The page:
He might say he want to win in 2011 first before he starts to act. It might be too late. You can never be sure of tomorrow. You must seize the day-today. You must start that process of amendment now, not tomorrow, not 2011.

This opportunity to build the Niger Delta and the rest of Nigeria of course is a rare one considering the history of Nigeria dominated by hegemony.

If Jonathan fails to deliver to his people now, the chance may slip by. Nothing is guaranteed in Nigeria. Nothing is sure in this life, only death.

He might say we didn’t elect him. That is right. I have no real or legitimate president all my life and I’m almost 40.

Shagari was rigged in 79 and 83. Obasanjo was rigged in 99 and 03. Umaru was packaged in 2007 and Jonathan inherited Umaru’s burden. At other times I was ruled by maniacs, dictators and tyrants. I have endured!

This is why so much is at stake now and in 2011. I’m longing for a leader that I can call a president. Someone I can be proud of.

There is so much expectation, not the first time though, and the anticipations are huge as well.

People are longing for a change. A change they can believe in.

Unless a purposeful leader emerges the change will not come.

A purposeful leader and his household will, show good examples, be prudent, be selfless, corrupt-free and above all lead with a sense of purpose and vision.

Wasting billions of naira on a useless celebration or party while we wallow in permanent darkness due to lack of electricity is not a good sign.

3 thoughts on “A Niger Deltan President?

  1. Maginalization has its root of payment, it is the time to pay back to the Niger Deltans by allowing the GOOD LUCK JONATHAN PRESIDENCY come 2011 it will spuare the divide between the south south and the entire nation it will also brigde the pandimonium of militancy because they will not HAVE anything to cry foul about. we should pull eyes from the northern treat of politcal manipulation and THE western press HORROWS and eastern kidnapping this is the only way to national unity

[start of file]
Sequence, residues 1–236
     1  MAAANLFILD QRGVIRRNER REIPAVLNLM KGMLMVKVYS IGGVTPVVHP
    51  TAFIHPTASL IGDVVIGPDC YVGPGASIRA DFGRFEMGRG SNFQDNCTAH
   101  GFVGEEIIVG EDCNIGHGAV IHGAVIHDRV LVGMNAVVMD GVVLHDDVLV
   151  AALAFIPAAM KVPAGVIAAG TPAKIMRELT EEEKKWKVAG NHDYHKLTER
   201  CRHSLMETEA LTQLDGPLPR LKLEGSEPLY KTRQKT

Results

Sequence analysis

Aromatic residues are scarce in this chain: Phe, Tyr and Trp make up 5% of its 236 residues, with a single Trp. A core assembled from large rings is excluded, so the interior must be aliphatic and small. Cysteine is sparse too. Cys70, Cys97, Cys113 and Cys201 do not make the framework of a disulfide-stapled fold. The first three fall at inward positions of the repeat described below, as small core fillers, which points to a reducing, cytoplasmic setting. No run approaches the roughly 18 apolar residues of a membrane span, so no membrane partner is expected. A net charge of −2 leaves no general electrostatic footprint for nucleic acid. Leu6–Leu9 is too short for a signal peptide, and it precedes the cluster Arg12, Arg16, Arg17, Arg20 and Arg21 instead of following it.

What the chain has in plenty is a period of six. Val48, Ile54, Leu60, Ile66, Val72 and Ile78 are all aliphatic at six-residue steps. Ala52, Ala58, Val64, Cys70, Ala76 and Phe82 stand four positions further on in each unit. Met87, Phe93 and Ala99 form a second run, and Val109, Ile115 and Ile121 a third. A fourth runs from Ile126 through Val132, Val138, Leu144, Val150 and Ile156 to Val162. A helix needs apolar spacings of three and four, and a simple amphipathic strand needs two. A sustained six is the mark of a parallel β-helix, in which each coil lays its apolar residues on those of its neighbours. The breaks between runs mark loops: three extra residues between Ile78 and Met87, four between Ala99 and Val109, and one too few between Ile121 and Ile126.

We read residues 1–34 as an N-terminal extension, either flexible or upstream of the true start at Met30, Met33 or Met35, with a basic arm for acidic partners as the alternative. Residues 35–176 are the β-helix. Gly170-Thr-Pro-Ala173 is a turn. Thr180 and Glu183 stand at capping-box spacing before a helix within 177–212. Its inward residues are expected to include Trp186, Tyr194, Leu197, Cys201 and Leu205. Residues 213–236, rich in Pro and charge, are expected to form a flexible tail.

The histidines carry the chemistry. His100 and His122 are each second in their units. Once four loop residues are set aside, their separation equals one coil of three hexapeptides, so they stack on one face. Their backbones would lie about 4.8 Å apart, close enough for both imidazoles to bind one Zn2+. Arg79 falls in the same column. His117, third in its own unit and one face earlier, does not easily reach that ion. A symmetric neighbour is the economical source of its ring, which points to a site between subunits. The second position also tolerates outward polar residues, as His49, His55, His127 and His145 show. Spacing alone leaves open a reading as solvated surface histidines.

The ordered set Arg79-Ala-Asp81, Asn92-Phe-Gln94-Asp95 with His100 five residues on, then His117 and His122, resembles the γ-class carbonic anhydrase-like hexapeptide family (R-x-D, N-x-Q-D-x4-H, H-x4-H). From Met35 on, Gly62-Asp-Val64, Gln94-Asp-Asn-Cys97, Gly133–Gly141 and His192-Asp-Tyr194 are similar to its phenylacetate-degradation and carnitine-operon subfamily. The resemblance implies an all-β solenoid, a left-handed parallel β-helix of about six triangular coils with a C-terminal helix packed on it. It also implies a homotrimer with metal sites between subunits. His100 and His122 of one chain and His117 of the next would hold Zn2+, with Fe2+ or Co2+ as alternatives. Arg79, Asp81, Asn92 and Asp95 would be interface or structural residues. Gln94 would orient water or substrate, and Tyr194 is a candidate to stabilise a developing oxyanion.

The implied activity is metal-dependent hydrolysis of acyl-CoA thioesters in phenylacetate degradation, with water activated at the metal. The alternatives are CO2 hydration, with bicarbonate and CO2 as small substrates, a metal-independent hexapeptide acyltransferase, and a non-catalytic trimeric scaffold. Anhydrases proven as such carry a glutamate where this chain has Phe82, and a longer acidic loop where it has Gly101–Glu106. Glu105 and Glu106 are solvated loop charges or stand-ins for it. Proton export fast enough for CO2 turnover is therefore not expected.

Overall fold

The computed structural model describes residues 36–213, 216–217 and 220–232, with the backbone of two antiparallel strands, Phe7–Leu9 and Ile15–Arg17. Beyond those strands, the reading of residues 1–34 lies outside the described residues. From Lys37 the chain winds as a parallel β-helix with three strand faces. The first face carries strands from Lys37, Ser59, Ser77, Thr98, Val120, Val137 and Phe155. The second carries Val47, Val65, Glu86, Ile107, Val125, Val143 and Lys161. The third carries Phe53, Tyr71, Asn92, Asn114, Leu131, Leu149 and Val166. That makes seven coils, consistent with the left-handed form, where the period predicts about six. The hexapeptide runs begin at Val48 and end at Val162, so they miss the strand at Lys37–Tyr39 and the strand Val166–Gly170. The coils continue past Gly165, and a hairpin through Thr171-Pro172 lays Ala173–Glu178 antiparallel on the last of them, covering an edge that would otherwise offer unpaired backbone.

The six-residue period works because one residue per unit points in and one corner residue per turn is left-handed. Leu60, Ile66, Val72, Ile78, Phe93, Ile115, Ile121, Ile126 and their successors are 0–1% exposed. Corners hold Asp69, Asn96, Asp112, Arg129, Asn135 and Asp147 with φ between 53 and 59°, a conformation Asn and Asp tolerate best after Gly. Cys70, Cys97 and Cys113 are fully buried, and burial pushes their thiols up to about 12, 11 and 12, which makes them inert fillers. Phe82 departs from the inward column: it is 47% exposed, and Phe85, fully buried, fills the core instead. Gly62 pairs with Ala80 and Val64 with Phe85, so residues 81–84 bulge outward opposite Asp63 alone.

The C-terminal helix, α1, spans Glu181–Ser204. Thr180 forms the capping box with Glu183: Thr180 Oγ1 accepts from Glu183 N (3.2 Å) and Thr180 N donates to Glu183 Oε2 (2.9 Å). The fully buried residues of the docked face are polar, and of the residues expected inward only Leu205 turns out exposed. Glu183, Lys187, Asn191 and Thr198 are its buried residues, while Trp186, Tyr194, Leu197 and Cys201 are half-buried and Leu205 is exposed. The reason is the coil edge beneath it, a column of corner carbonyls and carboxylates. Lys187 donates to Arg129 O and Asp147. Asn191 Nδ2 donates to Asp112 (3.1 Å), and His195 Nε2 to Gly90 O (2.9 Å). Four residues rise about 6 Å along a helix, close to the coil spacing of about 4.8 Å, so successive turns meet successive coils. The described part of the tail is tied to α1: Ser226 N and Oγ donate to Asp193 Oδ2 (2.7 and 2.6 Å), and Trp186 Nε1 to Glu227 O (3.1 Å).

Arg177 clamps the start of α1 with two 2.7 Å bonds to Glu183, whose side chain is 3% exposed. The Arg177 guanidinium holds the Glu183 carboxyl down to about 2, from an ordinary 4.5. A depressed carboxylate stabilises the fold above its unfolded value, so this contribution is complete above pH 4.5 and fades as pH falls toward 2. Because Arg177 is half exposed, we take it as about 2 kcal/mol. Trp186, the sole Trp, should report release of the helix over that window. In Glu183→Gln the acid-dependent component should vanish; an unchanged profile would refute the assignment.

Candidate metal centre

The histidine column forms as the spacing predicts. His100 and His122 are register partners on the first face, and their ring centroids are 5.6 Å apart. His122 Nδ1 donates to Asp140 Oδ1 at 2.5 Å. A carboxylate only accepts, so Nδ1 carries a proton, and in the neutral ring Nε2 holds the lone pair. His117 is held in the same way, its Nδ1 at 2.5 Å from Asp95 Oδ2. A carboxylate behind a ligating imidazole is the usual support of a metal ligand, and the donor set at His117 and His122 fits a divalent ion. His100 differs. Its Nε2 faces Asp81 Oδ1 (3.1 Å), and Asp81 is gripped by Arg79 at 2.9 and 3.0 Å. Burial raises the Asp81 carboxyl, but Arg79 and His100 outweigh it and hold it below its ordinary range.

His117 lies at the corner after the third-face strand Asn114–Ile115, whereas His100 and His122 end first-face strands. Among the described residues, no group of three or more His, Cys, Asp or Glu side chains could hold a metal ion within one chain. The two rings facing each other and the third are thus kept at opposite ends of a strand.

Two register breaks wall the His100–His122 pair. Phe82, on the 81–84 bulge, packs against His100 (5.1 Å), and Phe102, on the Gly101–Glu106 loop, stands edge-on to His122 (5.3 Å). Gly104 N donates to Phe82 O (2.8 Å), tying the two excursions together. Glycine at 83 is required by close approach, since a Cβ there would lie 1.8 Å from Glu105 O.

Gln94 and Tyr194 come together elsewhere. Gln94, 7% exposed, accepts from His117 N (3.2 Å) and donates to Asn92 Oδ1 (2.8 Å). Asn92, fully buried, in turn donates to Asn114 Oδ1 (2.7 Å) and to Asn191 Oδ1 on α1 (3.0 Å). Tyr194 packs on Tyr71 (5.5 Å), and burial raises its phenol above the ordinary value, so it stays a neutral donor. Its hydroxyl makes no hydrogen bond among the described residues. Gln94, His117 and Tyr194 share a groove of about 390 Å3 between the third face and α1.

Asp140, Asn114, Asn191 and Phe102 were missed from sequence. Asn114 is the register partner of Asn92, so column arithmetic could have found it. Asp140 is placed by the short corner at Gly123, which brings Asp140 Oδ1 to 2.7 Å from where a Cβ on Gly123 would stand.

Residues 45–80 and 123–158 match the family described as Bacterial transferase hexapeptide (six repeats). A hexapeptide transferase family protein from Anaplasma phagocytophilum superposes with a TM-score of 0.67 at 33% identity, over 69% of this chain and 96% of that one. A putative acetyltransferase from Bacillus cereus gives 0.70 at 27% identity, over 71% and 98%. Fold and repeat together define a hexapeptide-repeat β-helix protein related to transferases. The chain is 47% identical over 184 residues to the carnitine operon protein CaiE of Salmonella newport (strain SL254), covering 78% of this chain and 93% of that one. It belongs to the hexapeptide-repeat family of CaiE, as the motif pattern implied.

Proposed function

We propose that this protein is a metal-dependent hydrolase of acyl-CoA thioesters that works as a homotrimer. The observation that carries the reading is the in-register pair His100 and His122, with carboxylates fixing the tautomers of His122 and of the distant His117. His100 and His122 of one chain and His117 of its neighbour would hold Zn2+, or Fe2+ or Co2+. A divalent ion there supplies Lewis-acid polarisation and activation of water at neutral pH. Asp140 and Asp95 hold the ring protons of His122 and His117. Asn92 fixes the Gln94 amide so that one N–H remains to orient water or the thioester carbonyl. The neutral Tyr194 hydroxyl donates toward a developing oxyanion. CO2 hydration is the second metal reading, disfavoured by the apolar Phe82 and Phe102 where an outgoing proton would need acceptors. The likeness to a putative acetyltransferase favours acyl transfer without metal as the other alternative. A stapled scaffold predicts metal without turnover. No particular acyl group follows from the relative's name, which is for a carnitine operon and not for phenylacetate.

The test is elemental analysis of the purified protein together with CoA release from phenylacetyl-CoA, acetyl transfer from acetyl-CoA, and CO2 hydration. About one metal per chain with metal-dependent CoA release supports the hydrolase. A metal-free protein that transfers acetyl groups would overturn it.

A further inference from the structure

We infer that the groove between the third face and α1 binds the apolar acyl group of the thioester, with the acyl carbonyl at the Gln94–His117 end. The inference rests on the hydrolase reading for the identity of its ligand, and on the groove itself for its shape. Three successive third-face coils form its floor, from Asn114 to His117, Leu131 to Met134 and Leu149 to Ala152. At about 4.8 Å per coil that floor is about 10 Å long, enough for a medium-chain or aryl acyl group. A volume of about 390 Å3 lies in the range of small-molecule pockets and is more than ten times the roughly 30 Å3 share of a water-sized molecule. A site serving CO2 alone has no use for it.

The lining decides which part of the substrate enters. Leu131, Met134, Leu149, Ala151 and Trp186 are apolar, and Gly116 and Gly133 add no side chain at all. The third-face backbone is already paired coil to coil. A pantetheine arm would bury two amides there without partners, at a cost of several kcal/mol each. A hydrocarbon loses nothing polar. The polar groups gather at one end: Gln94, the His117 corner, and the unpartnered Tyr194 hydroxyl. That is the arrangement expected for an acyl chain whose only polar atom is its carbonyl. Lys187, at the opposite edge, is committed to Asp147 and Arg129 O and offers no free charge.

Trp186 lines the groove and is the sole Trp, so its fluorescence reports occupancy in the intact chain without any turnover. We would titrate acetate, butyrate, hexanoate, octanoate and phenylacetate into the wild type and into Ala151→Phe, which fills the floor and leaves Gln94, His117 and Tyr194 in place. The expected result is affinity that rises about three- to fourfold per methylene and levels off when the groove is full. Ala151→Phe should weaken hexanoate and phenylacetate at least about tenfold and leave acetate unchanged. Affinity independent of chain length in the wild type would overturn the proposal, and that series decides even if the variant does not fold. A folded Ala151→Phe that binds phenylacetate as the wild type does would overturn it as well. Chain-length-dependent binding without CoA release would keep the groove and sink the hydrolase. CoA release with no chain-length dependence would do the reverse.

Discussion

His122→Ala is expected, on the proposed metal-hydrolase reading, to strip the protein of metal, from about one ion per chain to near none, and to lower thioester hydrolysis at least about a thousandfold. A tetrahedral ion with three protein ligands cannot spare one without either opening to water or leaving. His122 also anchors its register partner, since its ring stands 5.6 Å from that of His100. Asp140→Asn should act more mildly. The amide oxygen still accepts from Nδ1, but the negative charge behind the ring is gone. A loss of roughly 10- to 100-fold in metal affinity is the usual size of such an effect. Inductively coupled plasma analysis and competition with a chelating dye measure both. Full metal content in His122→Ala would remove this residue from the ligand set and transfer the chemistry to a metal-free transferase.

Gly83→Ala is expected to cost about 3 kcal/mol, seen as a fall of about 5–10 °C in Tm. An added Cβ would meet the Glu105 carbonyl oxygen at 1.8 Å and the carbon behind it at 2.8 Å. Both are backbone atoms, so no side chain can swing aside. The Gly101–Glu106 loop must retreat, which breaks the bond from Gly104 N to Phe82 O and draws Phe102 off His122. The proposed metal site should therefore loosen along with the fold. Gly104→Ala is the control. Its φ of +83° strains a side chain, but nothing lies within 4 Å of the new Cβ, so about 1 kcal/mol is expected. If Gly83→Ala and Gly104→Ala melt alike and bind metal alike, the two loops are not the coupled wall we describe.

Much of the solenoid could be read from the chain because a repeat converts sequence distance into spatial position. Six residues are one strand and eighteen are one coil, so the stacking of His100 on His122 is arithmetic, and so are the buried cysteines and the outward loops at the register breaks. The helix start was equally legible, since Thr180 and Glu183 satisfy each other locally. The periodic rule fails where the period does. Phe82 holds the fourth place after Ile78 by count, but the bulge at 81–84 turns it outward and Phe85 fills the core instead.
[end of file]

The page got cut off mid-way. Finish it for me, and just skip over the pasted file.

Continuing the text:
2. Mr adeola with all due respect sir I see you to be another journalist who just wishes to write or issues and not make moved to change them… We have had so many people in the past and these has not made any positive contributions in the past. In the whole life of fela kuti and a whole lot of others they have written, spoken and even sang about this all issues but its still haven’t change.. U said we have to make this changes our self and where are U to contribute or what physical and tangible contributions are U willing to make… Have read almost all of your articles and really haven’t had much time to comment onn all but I wish I could and will still try to.. Come down and make a physical contribution but just writing artciles and observing.. Come and be a chairman or something and see how U can make the difference not just writing.


    • Lekan

      I have replied to your comment in details in another post.

      You are right to ask me to come to Nigeria. I have thought about it many times before and many people have sent me private messages suggesting the same.

      Maybe the time will be right someday. Maybe.